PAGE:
The Facts of Life Paperback – 4 Nov 2004
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Jonathan Lethem author of "Motherless Brooklyn" I won't bother saying Graham Joyce deserves to find a wide audience in America; rather I think the American audience deserves to find him. --This text refers to an out of print or unavailable edition of this title.
An extraordinary evocation of an extraordinary family in WWII England by an award-winning author.See all Product description
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Set in during and post-WWII Coventry, England, the novel opens with "wayward ... fey" Cassie Vine and the bundle in her arms, Frank, whom she fails to give away to a prospective foster mother. Returning home to her mother, Martha and her six sisters, Cassie triggers a discussion that will set the tone and struggle for the rest of the novel. As Cassie herself "is the last girl on Earth fit to raise a child," Martha and her daughters agree that Frank should be raised by the entire clan.
Passed from Martha and Aunt Beatie Vine's own care to Aunt Una and Uncle Tom's farm, to his twin aunts Evelyn and Ina, it becomes clear that Frank is special and possessed of special abilities. Here at the farm, young Frank discovers the Man-Behind-The-Glass, a mysterious figure trapped in the Earth, constantly demanding that Frank bring him things.
Meanwhile, the secret of Frank's conception remains with Cassie, buried deep in the night that German bombers circled over Coventry dropping incendiary and explosive payloads until most of the city was leveled. Cassie, who is regularly possessed of "blue" periods during which she tends to wander far, must often leave Frank in the care of his more stable relatives, transferring him from household-to-household, including an experimental commune and a house with an active mortuary parlor in the back. From each he takes away a lesson about life.
Through it all, Martha watches, patiently directing Franks care from place-to-place, occasionally visited at the front door by precognitive apparitions that help her pave the way.
Though a quiet work, The Facts of Life is no less gripping than Joyce's more conventional work in novels like Requiem and The Tooth Fairy. It's gently graceful characters and precise language makes this alternately horrific and humorous work a treasure whose pages will have slipped through the reader's fingers far too quickly.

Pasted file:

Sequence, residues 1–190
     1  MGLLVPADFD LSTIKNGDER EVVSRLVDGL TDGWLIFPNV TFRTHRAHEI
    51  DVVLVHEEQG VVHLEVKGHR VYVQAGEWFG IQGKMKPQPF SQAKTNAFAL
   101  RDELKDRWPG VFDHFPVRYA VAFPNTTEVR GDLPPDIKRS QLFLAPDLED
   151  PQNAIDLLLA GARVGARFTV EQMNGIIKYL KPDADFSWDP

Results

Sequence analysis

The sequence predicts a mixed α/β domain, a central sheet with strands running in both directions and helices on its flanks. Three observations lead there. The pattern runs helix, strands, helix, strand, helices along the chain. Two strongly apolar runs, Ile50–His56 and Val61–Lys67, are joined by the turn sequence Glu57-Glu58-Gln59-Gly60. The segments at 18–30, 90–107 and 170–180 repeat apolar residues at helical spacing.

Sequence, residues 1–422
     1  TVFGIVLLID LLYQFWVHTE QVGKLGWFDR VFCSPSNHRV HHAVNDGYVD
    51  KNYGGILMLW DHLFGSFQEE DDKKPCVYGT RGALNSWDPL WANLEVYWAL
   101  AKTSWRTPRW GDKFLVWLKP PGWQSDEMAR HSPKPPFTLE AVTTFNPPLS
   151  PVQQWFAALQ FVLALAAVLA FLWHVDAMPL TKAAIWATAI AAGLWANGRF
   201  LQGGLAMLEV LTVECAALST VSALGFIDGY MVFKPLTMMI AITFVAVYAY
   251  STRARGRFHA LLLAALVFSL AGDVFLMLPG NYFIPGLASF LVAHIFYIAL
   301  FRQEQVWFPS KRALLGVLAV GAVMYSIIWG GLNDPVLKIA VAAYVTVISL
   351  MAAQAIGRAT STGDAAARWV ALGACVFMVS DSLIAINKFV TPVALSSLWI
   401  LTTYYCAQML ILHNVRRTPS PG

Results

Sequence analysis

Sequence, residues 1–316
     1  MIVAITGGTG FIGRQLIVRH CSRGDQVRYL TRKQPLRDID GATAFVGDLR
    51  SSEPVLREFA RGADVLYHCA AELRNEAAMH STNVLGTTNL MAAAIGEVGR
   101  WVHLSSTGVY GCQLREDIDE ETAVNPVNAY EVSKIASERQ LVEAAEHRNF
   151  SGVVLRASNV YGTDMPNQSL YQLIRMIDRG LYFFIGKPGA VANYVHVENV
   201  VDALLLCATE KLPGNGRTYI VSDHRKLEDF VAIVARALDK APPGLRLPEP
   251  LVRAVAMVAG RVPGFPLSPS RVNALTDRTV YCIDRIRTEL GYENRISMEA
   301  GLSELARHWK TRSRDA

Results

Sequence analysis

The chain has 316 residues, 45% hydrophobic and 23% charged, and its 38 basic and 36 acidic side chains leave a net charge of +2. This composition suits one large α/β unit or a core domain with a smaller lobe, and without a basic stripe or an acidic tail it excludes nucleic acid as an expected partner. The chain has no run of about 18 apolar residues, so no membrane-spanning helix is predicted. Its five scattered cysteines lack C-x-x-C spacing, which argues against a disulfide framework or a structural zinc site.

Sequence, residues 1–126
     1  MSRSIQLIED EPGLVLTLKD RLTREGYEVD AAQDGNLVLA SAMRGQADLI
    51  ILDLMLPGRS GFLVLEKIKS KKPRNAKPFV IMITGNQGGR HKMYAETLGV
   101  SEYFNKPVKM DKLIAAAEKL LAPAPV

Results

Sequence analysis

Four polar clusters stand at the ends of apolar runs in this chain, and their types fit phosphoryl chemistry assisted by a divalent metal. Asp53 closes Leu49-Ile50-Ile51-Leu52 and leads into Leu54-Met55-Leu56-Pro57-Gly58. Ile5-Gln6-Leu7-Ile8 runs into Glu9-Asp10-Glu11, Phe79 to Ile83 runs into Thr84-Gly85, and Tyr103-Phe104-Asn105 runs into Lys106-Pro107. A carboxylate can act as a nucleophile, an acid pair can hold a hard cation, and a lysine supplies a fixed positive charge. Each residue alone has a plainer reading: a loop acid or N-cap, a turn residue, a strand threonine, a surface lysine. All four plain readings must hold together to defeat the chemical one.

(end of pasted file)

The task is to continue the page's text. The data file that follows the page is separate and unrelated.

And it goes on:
I am enjoying re-reading it now, a year after I first encountered its truly alive Vine family. I find myself pausing at the end of lines wondering, "Just how did Graham Joyce do this?" He certainly has ears that hear all, and the dialogue seems like the people of Coventry actually speaking to us.
It is all a terrific accomplishment that will make you an instant fan of his.
We first meet Cassie as she is about to give up her child to another family. She has already had a daughter who was taken in by a childless couple. But as she watches the minutes tick by, she decides to keep her son. Arriving home to her family she tells them all she is keeping Frank. Her mother, Martha, decides that maybe there is something special about Frank, so she agrees, provided the six other daughters help out with raising Frank.
As a result we see the lies of this family through Frank's eyes as he moves from sister to sister, from farmlife to the almost pristine house of his twin aunts, to a commune. It soon becomes clear that Frank has inherited some of his mother's feyness and some of his grandmother's ability to talk to the dead.
There is some wonderful writing in this book, when Frank tries to imitate his pregnant Aunt peeing for example. Comic touches can be found everywhere, as can potential threats to Frank and the family
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